Controversial internet entrepreneur Kim Dotcom has unveiled plans to list his Baboom music service on the ASX by the end of the year.
Dotcom hopes to raise AU$4.5 million, according to a 41-page prospectus distributed to potential investors and published on Baboom's website.
The service is billed as a hybrid of music downloading services such as Apple's iTunes and Google's Play store, and streaming services such as Spotify.
It also borrows features from the original MySpace, with artists able to establish profile pages and upload their music for fans to download. They can also sell tickets and merchandise on the site.
Visitors will be able to earn credits for free music by watching ads, and can store their existing music collections in Baboom's 50GB digital lockers.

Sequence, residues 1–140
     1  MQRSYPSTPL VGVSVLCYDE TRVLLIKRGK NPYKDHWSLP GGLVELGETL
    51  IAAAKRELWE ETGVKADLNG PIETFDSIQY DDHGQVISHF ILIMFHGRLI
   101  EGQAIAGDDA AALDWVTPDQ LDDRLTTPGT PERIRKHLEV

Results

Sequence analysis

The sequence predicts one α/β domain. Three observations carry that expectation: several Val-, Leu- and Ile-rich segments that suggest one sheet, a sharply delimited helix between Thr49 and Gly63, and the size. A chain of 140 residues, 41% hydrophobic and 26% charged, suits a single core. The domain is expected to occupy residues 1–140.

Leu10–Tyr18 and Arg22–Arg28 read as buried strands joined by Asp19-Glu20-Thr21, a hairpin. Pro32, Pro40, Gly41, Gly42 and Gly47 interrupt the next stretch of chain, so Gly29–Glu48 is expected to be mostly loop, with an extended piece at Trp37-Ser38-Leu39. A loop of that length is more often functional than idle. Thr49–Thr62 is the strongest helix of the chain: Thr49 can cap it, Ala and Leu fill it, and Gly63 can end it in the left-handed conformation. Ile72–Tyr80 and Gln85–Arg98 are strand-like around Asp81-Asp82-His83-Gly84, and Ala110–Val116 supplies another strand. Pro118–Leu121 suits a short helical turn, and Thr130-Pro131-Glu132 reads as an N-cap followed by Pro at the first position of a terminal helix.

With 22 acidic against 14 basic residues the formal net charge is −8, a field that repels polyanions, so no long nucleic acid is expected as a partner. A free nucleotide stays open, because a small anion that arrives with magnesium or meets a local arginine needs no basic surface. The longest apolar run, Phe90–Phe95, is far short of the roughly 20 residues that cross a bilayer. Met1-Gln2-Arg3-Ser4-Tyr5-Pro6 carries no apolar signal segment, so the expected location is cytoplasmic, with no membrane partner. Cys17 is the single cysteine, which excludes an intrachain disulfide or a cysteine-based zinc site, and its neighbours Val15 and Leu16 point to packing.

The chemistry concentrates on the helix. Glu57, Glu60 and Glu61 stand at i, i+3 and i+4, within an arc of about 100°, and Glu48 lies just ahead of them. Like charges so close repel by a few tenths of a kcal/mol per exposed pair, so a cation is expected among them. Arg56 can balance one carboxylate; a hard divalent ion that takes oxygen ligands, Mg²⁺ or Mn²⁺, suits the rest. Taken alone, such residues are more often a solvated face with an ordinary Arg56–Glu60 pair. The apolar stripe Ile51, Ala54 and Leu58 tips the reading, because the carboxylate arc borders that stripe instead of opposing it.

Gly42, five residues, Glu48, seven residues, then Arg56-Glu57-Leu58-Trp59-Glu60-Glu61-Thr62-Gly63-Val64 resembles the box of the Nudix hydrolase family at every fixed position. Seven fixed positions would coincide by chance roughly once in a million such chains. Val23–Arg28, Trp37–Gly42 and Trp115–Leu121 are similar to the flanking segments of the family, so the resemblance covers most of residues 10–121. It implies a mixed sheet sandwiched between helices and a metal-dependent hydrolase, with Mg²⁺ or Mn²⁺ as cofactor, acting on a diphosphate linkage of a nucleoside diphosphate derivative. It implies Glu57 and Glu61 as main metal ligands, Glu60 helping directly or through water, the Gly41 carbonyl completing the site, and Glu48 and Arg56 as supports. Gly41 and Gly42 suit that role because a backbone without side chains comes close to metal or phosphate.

German-born Dotcom, 40, is living in exile in New Zealand. He is wanted in the US on copyright infringement charges related to the now defunct file-sharing website Megaupload, which he founded in 2005.
Baboom's prospectus acknowledges his "heritage", saying some users and musicians might shy away from the service. It attempts to allay such fears saying Baboom will pay musicians and labels for any material used on the site.
A draft version of the service first appeared in January featuring a single artist: Dotcom himself.